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User comments : 8

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freethinking
3.5 / 5 (11) Nov 25, 2009
Garbage in, Garbage out. Everyone who researches now knows that AGW is a scam that the corrupt media ABC, NBC, CNN, will not report on.

http://blogs.tele...warming/

http://www.washin...cooling/

and has been discussed on Physorg forums

http://www.physor...129.html

Cutting greenhouse pollution is a lie as CO2 is not pollution. What Berkeley wants to do is reduce the use of fuel. Reducing the use of fuel WILL kill millions, and keep millions of people in horrendous living conditions.

dmcl
2.3 / 5 (6) Nov 25, 2009
Re "everyone who researches....", an ignorant statement like that does not increase its credibility through repetition and loud assertion
freethinking
3.8 / 5 (10) Nov 25, 2009
Anyone who does environmental research who is credible should know now about Climategate. If they believe in AGW they should be demanding an investigation to verify or disprove Climategate as Climategate has discredited their research pure and simple.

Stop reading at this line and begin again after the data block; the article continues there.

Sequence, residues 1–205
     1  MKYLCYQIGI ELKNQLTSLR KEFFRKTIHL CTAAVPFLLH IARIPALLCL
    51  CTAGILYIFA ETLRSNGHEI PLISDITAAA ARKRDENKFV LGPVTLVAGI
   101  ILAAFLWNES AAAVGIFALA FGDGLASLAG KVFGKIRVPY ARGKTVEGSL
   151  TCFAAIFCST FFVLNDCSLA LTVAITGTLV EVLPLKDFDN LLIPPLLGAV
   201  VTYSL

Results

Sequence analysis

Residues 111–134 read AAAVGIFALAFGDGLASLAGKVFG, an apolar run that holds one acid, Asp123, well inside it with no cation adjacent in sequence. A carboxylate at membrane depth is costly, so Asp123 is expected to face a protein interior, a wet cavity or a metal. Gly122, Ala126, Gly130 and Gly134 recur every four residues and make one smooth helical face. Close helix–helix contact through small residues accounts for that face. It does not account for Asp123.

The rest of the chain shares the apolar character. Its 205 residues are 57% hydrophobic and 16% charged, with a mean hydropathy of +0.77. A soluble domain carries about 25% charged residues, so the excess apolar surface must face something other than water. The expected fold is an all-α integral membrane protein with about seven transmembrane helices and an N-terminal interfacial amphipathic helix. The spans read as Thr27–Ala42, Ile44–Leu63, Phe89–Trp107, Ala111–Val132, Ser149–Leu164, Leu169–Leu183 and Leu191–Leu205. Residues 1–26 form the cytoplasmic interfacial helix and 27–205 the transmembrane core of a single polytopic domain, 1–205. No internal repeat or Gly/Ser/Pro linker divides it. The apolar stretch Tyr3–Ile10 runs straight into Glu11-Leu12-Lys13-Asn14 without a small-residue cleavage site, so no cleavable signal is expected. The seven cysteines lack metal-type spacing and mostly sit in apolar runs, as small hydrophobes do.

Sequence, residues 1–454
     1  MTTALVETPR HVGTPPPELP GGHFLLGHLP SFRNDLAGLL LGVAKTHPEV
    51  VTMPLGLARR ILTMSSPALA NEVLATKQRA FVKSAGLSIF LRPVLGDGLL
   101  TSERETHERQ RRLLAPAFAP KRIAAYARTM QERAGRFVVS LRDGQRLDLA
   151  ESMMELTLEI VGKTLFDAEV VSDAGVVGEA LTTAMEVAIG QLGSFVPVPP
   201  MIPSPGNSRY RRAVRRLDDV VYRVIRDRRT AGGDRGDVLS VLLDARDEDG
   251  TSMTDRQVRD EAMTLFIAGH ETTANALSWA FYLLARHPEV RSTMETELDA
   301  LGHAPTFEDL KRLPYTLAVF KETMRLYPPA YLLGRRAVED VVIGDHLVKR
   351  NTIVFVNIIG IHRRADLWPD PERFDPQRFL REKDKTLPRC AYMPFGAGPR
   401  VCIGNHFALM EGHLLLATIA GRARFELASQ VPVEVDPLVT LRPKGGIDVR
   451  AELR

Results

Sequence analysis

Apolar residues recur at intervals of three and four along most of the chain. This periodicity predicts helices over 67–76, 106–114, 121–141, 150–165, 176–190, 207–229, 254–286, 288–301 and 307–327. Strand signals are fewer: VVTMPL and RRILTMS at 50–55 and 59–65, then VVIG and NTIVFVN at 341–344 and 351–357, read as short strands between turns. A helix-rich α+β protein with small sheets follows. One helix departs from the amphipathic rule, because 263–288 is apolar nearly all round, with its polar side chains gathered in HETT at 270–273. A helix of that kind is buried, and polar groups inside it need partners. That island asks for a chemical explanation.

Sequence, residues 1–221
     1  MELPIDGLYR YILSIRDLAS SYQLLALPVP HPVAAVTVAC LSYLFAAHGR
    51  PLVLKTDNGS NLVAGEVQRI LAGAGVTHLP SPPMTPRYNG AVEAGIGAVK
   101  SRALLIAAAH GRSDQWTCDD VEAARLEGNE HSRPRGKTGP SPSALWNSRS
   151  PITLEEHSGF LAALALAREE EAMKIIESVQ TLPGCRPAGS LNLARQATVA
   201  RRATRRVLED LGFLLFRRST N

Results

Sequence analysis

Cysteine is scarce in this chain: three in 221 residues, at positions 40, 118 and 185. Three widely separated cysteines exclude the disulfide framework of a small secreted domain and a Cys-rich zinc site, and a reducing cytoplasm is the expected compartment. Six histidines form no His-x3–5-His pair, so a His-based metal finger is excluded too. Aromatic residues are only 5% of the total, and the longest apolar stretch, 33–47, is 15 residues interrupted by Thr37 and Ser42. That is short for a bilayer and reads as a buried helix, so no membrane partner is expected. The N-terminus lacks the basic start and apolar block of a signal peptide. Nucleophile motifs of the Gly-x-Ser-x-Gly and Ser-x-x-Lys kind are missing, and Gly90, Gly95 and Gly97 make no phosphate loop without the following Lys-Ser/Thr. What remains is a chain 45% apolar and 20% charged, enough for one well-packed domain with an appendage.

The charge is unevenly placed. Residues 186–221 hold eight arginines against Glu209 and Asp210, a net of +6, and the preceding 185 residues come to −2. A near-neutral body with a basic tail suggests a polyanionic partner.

AGW now stands as discredited as flatearthers.
GrayMouser
4.3 / 5 (6) Nov 26, 2009
"Could"? This is spread throughout the article. It's a weasel word.
omatumr
3.7 / 5 (6) Nov 26, 2009
A press conference for politicians and scientists.

What a sad, sad state of affairs for science!

With kind regards,
Oliver K. Manuel

RAL
3.9 / 5 (7) Nov 26, 2009
Reading this article reminds me of listening to a sales pitch by a used car salesman. Which is basically what it is -- another paper timed to try to drive the gullible to action at Copenhagen.

What a coincidence! Buy into our AGW scam and not only do you save the world from warming, uh, climate change, but millions of additional lives just happen to be saved and all the little girls get a free pony. Now if that's not worth crippling the world economy for... Sign here, and we can throw in some carbon credits...
defunctdiety
5 / 5 (2) Dec 01, 2009
greenhouse pollutants

Explain to me how green house gases, which literally make life on earth possible and have no negative health effect in ambient air, can EVER be called a pollutant.

Rediculous, flat-out lieing. AGW's death throes are not pretty.

People NEED to speak out to their law makers, as they and the media will otherwise just march on with this farce.
marjon
5 / 5 (1) Dec 01, 2009
Ending the ban on DDT would save millions of lives.
Ending tyrannical governments that starve their people or stifle their liberty and prosperity cold save million of lives.

The point is the authors don't really care about lives as much as AGW.